So has anything been learned here or are these things we already knew? Yes it’s a rant! But the only important thing is to draw attention to the fact that misrepresentation of expedition’s goals and outcomes, although easily done, is detrimental to ourselves, our community, our own projects and reputations going forward and we should all be more careful/honest from now on.

PS. I’m running across Iceland soon, it’s going to be ‘The greatest ever run across a continent in history’

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25 Responses to “Expedition misrepresentation – ‘Rant in NP minor’ – Rowing the Arctic”

  1. Marvellous rant!
    Absolutely brilliant.

    Well done too for exonerating Mark Beaumont in this: I spoke to him before he went and these were his exact concerns. I think he has done everything right.

    But how dare you call your run across Iceland the ‘The greatest ever run across a continent in history’? I did that last year and my trip was definitely the greatest ever world first solo unsupported crossing of Iceland. (Except that we weren’t the first nor were we solo etc etc)


  2. Bloody marvellous, I sat down to do something (work type stuff 9-5 sort) but thought I’d check out twitter facebook etc first. I came across this ‘rant’ and got so caught up in the thing that I have completely forgotten why I’m sitting here in the first place. Great bit of writing, and I think, a fair rant, well done Sir!
    Now, as there are parts of my garden that have not seen a human in years, let alone a lawn mower, if I manage to hack my way through and find a boundary fence, or even a neighbour, could I then call myself an explorer of sorts?
    Love the Roy Castle quote too – enter trumpet solo (unassisted, naturally)
    …as I still can’t think why I sat here in the first place, I’m going to do lunch, anyone care to join me?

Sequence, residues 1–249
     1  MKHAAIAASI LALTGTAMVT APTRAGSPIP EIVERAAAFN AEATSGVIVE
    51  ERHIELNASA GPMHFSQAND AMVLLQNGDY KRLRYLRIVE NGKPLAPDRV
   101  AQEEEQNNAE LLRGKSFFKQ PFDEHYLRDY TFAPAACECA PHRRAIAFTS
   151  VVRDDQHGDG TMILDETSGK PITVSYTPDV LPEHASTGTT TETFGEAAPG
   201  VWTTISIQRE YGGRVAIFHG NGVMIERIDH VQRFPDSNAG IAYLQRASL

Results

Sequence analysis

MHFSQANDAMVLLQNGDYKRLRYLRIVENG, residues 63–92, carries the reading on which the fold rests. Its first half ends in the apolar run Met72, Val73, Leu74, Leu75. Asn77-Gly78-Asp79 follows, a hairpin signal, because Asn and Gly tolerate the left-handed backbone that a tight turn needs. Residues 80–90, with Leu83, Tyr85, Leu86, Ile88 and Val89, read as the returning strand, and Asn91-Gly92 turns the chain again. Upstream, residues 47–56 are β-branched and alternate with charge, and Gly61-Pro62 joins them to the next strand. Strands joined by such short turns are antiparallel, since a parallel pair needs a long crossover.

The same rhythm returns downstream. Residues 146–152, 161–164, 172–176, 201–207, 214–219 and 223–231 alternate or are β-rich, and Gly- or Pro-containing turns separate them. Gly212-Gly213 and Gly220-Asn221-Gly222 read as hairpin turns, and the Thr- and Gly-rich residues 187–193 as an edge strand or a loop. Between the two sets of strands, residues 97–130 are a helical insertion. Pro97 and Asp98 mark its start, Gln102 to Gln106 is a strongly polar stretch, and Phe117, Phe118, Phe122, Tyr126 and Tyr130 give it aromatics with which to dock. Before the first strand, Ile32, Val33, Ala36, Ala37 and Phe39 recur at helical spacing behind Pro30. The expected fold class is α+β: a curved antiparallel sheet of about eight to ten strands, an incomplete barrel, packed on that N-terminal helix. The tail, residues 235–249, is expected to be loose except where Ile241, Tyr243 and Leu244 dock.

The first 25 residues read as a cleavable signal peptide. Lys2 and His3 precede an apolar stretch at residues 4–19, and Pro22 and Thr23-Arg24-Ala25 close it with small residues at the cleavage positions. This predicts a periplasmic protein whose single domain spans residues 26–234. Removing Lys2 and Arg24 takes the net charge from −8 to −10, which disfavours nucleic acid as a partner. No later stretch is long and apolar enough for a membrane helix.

3. Finally, some honesty! Great post/rant Ben, although it has led me to slowly inch away from claiming to have just executed the greatest Stand Up Paddle journey in history. Because of course these things can only be claimed as great if you’ve had the time and energy to dress both as Elvis and a catty hooker.

  4. Tom Evans says:

    Awesome rant! It’s great to see someone commenting on it intelligently – the comments on the news paper sites were just plain stupid from people who probably had no clue anyway.

    It’s a shame someone like Mark Beaumont, with his fantastic (and well earned) reputation had to be involved and perhaps tarnished.

    I just did the greatest solo poo in history, now to write the book. (No doubt Mr Wishart will be writing one…)

  5. Fearghal says:

    Great constructive rant!

    Well worth the 10mins it stole “real work” too.
    Just watched an interview on CNN, and was uncomfortable by the comparison with Shakleton’s bare bones row in the James Caird; http://www.youtube.com/watchv=BmhXeuLubwE&feature=related
    Glad to see someone voicing this.

    As an aside, I think you’re being a little harsh on the exploration moniker. Can’t exploration be cultural too? Lines may be drawn on maps, but their meaning and significance changes through time so just because someone’s been there doesn’t necessarily mean that we know a place. Marco Polo explored China 500 years ago, but there’s still useful knowledge to be generated from adventures/cultural explorations there today.